William, market forces play a role in the conservatism of HTF. The good commissions and sales for foundries are to large corporations and publications, with multi-user licensing. Those instiututions are very conservative. This is not to deny the innovative quality of HTF typefaces in many areas, but it is subtle. The designers at HTF have all done experimental, more uniquely contemporary work, but that’s barely reﬂected in HTF’s positioning. Compare the early Fetish and Gestalt with the bulk of the foundry’s catalog. Rarely do the clients that pay best want one’s most creative work. In fact, there’s probably an inverse relationship between remuneration and creativity. The retail font market is diﬀerent, you can do crazy work, but it’s a crap-shoot.
All very true. Which means of course that Capitalism opposes cultural progress. hhp
Nick said the big money isn’t in creativity, and he’s right. Cultural progress doesn’t make money, massaging the status quo does. The only way you can really innovate in type for example is by not expecting much money from it. hhp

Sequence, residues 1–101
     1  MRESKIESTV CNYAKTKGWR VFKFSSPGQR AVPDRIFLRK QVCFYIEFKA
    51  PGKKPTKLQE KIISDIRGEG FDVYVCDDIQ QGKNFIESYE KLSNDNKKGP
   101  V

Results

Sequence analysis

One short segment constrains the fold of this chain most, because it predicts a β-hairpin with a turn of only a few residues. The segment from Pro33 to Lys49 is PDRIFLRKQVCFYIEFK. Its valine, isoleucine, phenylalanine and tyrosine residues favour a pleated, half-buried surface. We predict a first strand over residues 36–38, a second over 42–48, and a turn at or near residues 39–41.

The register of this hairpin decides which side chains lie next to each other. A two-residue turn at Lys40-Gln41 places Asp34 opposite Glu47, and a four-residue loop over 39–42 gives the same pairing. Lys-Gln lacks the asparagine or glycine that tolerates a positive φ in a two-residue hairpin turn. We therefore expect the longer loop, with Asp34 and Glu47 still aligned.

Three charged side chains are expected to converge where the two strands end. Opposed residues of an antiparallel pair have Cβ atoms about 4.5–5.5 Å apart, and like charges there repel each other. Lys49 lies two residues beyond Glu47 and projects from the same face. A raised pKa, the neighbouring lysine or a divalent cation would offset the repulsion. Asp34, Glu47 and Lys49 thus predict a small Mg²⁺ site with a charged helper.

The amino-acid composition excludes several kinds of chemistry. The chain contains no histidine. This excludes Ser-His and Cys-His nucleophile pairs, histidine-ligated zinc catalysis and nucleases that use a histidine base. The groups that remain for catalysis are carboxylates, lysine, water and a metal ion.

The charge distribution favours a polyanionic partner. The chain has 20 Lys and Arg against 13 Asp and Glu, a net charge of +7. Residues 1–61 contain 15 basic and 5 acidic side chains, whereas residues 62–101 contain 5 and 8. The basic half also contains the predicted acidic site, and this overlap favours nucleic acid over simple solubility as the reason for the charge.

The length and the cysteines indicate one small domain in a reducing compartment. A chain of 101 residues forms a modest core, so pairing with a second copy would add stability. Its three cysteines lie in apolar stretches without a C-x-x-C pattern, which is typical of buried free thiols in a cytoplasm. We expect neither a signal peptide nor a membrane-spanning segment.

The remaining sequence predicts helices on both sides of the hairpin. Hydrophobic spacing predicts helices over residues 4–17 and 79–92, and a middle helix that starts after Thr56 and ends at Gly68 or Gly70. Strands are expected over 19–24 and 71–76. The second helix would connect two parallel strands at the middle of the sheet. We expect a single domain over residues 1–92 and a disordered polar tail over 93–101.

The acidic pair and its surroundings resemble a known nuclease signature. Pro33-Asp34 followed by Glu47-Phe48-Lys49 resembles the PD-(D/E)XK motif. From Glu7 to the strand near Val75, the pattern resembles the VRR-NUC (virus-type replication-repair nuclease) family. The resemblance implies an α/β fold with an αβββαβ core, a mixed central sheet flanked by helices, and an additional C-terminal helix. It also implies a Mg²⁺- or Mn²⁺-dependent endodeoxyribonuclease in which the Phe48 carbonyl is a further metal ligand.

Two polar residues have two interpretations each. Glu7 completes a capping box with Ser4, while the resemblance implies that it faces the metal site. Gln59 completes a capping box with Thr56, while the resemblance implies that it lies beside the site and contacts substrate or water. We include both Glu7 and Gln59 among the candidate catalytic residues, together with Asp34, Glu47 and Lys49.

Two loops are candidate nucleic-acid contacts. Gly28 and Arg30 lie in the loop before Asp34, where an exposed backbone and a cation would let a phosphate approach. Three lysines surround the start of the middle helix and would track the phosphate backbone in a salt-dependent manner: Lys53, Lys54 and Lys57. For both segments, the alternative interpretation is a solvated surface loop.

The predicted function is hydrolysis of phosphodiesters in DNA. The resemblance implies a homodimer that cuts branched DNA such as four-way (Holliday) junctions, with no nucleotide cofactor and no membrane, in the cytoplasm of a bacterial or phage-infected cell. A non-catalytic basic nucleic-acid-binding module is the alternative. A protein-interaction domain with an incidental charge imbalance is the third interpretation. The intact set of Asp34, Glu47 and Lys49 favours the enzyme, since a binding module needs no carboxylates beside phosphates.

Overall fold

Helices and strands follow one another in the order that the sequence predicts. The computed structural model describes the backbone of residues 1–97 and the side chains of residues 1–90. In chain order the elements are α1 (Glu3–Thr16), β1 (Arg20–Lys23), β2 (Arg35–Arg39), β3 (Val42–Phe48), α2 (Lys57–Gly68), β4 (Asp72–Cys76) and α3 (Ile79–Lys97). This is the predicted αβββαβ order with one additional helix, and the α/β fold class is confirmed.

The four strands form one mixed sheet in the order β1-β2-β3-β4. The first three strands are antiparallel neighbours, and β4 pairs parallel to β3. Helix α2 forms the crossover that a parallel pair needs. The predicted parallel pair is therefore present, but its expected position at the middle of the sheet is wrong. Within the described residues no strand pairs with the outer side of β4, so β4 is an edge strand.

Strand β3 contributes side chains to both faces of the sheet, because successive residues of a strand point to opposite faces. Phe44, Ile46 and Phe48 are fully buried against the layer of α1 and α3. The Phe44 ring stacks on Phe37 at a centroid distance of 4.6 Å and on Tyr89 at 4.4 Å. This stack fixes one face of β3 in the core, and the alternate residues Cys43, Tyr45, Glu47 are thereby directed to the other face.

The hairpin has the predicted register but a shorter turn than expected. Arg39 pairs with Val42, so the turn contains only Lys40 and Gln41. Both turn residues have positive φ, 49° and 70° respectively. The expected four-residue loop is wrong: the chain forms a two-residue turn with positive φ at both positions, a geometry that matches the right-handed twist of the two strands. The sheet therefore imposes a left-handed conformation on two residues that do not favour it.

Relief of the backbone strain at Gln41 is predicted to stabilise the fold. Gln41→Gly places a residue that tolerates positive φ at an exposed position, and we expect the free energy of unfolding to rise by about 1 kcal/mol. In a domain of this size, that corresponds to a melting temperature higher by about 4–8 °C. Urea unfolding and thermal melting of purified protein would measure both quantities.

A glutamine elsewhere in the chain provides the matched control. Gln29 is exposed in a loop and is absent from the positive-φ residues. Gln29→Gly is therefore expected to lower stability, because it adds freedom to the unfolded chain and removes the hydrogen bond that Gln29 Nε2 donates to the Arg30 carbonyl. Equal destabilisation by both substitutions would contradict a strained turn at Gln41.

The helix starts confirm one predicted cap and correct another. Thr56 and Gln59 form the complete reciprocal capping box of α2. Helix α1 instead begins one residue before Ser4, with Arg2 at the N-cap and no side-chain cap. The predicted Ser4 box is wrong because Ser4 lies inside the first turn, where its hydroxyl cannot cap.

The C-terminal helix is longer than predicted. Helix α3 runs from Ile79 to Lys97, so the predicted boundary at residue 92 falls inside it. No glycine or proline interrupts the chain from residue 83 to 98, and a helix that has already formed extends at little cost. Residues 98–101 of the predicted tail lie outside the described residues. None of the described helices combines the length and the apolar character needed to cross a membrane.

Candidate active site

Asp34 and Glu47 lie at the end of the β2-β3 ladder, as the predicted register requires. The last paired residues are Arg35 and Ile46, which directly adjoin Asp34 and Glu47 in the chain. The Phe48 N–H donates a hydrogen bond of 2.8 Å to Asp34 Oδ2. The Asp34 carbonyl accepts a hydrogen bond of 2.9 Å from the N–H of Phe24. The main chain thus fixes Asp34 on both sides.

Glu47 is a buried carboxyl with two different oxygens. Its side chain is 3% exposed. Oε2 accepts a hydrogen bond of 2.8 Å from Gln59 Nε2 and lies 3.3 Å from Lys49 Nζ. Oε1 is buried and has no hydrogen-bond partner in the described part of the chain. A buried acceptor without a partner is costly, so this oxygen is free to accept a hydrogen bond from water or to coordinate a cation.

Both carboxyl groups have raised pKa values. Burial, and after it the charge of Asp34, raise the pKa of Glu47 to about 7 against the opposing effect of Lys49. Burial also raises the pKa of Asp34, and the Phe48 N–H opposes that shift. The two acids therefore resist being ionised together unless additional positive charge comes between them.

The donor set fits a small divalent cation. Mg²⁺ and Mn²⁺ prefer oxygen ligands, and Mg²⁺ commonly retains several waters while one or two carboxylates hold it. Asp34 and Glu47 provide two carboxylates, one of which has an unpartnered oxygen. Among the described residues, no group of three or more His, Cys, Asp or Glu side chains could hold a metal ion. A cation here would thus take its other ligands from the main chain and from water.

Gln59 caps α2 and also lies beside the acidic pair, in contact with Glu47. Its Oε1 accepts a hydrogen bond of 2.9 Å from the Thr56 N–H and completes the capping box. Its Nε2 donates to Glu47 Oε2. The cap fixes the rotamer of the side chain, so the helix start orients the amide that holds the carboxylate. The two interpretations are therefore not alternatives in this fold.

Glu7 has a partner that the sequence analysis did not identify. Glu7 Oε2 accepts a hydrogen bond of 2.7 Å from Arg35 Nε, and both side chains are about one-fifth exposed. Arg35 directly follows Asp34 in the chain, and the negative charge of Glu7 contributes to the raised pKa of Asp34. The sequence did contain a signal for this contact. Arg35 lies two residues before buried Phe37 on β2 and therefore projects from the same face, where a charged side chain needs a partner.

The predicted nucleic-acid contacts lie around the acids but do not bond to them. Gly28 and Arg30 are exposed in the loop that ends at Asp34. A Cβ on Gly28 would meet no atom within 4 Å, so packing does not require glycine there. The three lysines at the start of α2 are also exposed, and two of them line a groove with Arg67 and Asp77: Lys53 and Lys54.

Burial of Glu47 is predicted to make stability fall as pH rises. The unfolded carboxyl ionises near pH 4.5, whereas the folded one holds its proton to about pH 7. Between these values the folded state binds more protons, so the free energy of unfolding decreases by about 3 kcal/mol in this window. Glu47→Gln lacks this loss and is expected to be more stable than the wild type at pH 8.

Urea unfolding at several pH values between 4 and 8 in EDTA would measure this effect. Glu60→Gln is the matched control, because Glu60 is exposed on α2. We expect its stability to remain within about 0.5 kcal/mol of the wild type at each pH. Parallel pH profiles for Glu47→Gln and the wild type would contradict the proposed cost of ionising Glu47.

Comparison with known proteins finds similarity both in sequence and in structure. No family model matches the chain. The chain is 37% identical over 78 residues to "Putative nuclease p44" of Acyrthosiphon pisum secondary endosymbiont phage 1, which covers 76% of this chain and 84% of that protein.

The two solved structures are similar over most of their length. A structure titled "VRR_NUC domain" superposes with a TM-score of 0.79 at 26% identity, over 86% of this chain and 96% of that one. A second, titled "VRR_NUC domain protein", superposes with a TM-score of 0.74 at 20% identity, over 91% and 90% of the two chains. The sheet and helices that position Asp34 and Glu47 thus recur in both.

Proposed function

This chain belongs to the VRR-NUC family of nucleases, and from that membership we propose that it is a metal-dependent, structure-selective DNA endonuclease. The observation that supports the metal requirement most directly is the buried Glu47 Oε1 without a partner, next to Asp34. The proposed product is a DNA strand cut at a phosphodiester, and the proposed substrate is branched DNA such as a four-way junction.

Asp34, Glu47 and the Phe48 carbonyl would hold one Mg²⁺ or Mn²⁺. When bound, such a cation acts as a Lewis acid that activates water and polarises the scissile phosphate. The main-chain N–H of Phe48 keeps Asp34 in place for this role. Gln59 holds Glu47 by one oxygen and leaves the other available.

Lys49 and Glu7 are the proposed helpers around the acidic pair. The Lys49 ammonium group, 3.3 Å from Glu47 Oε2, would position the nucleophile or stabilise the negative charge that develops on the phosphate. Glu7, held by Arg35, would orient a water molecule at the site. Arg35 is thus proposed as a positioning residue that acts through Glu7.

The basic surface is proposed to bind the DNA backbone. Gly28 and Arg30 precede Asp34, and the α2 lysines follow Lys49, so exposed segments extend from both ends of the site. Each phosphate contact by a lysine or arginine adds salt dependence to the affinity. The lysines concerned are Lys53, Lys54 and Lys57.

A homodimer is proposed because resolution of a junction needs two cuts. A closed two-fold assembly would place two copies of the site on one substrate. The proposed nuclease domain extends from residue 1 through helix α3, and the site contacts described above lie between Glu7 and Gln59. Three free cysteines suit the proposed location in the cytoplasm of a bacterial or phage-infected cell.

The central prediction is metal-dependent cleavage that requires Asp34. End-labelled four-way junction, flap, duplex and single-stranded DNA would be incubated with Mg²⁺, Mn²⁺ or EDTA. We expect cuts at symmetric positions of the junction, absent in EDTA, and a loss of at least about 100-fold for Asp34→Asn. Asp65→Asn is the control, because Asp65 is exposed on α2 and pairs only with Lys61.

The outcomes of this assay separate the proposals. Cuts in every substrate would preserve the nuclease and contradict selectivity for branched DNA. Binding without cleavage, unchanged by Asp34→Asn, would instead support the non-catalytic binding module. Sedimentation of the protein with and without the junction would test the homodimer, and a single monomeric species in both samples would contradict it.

Nick: I would say market forces also play roles everywhere else. All we have to do is take a look at Linotype’s or MyFonts bestsellers. There’s no coincidence on Linotype’s recent eﬀorts on redesigning Univers, Optima, Avenir, Sabon et al. Even knowing there are lots of improvements on those fonts, I can’t stop wondering what would happen if the same money could be invested on new typeface designs. I agree with Hrant: cultural progress doesn’t make money, at least not while it’s still understood as ‘innovation’. Maybe that happens because conservative people need to separate trendy and volatile stuﬀ from things that came to stay. In typeface design it could take a few decades. A common example of that conservative behaviour found here in Brazil is the use of Oﬃcina. The font is almost 15 years old, but just now it became trendy, replacing most of Univers or Helvetica uses everywhere. Nobody judges if the replacement works, just follow the tide. – Talking about the original subject, I have great respect for the HTF fonts. I wish I could know more of their custom work, such as Retina. hC
Pioneering is always a very tough road, but probably less so in capitalist countries than others, because of general wealth and the diversity of the market. I have no problem with contemporary use of good typefaces from the 17th or 20th centuries. I don’t care if it’s conservative or innovative, as long as it’s good. Of course, in typography suitability to the project is almost everything. To me that means there are contexts where something new is better, and contexts where something historical is better.